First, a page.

Although most people love freedom and choice, especially the freedom to choose, psychological science has long suggested that too much choice comes not only with an inability to make decisions, but also higher levels of anxiety and dissatisfaction with our choices. Remarkably, this holds true even when algorithms and AI are to take care of much of our decision-making, and allegedly simplifies our choices. If you find yourself spending more time on picking than watching a movie, or if deciding what restaurant or hotel to book can turn into a six-hour existential crisis, it is clear that a surplus of choice and information does not obviously increase the efficiencies of everyday life.
Likewise, many employees, managers, and leaders find themselves overwhelmed by the wide range of options and choices they encounter when faced with everyday work problems. Whether it’s setting strategy, designing new products, putting together a team, or deciding on a future career move, nothing seems painless and straightforward, and the potential to think about hypothetical scenarios and outcomes creates a sort of decision fatigue, consuming our mental resources like the memory RAM of a 90s computer. When you also include the range of #firstworldproblem dilemmas workers of the developed world must tackle on a daily basis, such as navigating the sea of choices for their online lunch delivery, deciding how to customize their coffees, or keeping up with the latest Black Friday sales, it is no wonder that technological advances have not let to an increase in productivity rates.
While we cannot stop the world from becoming more complex (even by temporarily escaping to an ashram in India, a meditation retreat in Morocco, or a perfect wave in Costa Rica), we can and should address our ability to make better decisions in the face of ever growing complexity and uncertainty. Complexity is not an objective and inherent quality of the world, but our interpretation of things. This is how ignorance may convey the illusion of simplicity, and why a little bit of knowledge results in a much higher sense of complexity than strong expertise does. Complexity, at least from a psychological perspective, is largely self-inflicted.
A common problem is the failure to prioritize, which leads to smart people devoting their precious intellectual resources to solving mundane and trivial problems. Intelligence should be about making complex things simple, rather than simple things complex. When you are moving everything forward and piling even trivial decisions such as where to meet a friend for lunch, what to eat, what to wear, or how to respond to a tweet, you will neglect more important and consequential decisions, such as reaching out to a potential new client or colleague, learning a new skill, or picking up a new hobby. The longer it takes you to make small decisions, the more change-averse you become. The perceived effort of executing the simplest of tasks leaves you deflated and exhausted, just like exercising self-control ends up weakening your mental strength.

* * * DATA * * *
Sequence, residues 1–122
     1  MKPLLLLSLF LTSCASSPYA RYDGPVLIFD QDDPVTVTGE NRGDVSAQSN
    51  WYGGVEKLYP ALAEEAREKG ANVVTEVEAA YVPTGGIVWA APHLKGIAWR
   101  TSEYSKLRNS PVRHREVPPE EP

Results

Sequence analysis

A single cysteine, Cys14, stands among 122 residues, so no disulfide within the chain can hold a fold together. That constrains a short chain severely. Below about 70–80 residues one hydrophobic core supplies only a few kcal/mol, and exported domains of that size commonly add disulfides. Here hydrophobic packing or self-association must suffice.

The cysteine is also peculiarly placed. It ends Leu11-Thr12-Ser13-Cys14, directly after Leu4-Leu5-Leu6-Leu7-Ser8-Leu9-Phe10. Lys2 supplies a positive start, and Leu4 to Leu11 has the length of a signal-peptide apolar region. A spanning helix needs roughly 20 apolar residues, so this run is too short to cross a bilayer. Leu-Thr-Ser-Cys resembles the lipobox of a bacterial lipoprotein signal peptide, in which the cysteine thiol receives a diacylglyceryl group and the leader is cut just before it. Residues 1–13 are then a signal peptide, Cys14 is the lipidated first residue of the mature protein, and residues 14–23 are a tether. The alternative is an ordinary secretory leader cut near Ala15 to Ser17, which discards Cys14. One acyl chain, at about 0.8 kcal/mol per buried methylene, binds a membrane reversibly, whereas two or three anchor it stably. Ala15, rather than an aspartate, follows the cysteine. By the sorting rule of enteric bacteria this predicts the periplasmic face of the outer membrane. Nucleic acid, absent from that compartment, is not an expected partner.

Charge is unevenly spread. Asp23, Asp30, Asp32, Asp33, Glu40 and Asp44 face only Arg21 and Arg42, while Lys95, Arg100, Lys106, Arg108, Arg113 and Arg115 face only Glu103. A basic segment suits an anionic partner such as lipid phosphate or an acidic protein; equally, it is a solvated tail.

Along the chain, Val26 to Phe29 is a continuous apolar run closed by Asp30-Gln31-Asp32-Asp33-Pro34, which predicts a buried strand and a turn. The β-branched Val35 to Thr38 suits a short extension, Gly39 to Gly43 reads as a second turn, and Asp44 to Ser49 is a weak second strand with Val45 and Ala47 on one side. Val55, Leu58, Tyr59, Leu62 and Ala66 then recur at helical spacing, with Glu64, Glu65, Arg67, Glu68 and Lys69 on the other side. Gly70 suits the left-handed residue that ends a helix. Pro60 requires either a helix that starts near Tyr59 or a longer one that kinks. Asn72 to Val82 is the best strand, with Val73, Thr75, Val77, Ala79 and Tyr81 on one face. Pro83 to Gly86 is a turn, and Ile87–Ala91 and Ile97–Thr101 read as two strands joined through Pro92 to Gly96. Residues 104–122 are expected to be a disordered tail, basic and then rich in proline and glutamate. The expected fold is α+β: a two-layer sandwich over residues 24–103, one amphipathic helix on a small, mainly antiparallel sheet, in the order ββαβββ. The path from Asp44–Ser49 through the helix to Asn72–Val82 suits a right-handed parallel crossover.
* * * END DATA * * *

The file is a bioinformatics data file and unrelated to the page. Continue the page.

Not making a decision is also a decision. How this relates to complexity of the world and how to deal with it and what the will be in a world of constant change might be of an importance for both individuals and organizations. How do you train and make sure your team is equipped to deal with uncertainties in a world of constant change, always on and connected?
Working in an interconnected world means that opportunities that were once restricted to specific industries and locations can now cause ripple effects. It is not hard to see how this new world impacts the decision-ability needs. It creates a fear that any choice we can make might be the wrong one. There are now so many uncertainties and, at the same time, so much data that it can create an immense stress and an unconscious feeling of impotence. An anxious world is not one in which we are always hitting refresh to update the news, but one that gives us just that—an opportunity to get the latest news.